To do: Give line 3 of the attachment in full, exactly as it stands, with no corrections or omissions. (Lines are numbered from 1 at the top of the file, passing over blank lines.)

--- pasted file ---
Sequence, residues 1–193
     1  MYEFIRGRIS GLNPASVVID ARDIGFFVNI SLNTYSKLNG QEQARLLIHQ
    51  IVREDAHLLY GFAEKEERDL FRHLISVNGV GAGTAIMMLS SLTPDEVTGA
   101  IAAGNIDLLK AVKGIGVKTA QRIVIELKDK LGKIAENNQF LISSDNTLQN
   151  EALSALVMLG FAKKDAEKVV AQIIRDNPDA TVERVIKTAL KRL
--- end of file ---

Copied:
    51  IVREDAHLLY GFAEKEERDL FRHLISVNGV GAGTAIMMLS SLTPDEVTGA